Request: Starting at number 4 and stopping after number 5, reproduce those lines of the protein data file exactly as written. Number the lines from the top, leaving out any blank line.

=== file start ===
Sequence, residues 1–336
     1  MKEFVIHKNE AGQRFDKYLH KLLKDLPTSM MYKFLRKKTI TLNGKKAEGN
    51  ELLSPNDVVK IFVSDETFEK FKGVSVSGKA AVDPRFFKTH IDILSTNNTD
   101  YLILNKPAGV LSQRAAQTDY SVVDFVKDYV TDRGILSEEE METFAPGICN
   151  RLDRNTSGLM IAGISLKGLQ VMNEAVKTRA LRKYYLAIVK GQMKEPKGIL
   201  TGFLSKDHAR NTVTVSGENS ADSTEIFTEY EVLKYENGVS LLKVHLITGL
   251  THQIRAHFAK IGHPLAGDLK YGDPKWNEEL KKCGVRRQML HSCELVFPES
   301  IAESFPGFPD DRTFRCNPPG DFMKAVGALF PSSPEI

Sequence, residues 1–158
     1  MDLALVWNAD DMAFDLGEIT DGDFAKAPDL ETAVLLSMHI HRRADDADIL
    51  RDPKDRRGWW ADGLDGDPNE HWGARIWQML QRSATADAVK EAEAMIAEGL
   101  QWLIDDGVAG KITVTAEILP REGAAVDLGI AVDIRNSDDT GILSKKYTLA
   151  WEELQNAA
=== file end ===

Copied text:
   101  YLILNKPAGV LSQRAAQTDY SVVDFVKDYV TDRGILSEEE METFAPGICN
   151  RLDRNTSGLM IAGISLKGLQ VMNEAVKTRA LRKYYLAIVK GQMKEPKGIL